Louis Siminovitch’s first major contribution to biology was to demonstrate, with André Lwoff, that prophages could be induced by ultraviolet light. His further work on bacteriophages included the isolation of a large spectrum of bacteriophage lamda mutants that affect morphogenesis and the exploitation of these mutants to delineate, for the first time, nearly all of the proteins involved in lamda morphogenesis. Turning to the study of somatic mammalian cells, he developed methods for culturing such cells in suspension and for their karyotypic analysis by the air-drying technique. He demonstrated that there was little turnover of DNA in cell cultures growing logarithmically under controlled conditions. He was closely involved in the development of the spleen colony method for studying haematopoiesis, and he showed that the differentiation of blood cells occurs by stochastic processes that can be affected by mutations involving either the stem cells themselves or the host. He has also made important contributions to somatic cell genetics, especially in the isolation and study of conditional lethal mutants.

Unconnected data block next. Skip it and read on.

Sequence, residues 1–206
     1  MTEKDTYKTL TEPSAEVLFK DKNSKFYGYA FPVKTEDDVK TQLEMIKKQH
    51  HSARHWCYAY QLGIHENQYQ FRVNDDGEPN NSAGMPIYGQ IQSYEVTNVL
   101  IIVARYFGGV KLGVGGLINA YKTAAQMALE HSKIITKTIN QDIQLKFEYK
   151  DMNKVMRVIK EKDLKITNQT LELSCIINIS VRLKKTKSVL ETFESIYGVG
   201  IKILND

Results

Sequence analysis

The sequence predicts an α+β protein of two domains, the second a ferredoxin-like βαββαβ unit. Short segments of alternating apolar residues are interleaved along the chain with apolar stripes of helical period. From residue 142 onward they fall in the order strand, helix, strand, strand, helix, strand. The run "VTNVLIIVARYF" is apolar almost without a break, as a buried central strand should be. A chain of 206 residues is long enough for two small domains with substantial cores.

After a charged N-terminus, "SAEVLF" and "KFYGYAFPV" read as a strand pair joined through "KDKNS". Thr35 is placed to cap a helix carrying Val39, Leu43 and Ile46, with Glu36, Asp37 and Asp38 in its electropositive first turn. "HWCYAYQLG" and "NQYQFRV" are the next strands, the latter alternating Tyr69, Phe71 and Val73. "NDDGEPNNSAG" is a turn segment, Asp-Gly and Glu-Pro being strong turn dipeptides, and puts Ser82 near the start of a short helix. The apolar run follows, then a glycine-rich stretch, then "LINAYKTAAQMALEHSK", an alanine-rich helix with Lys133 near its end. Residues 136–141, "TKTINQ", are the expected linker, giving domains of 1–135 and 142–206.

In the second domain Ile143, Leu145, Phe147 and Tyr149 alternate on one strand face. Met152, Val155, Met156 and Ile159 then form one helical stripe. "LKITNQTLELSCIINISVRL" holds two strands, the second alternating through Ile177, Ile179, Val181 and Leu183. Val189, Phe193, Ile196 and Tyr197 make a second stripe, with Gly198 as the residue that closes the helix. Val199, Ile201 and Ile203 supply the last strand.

Interest and expertise
Microbiology, immunology and developmental biology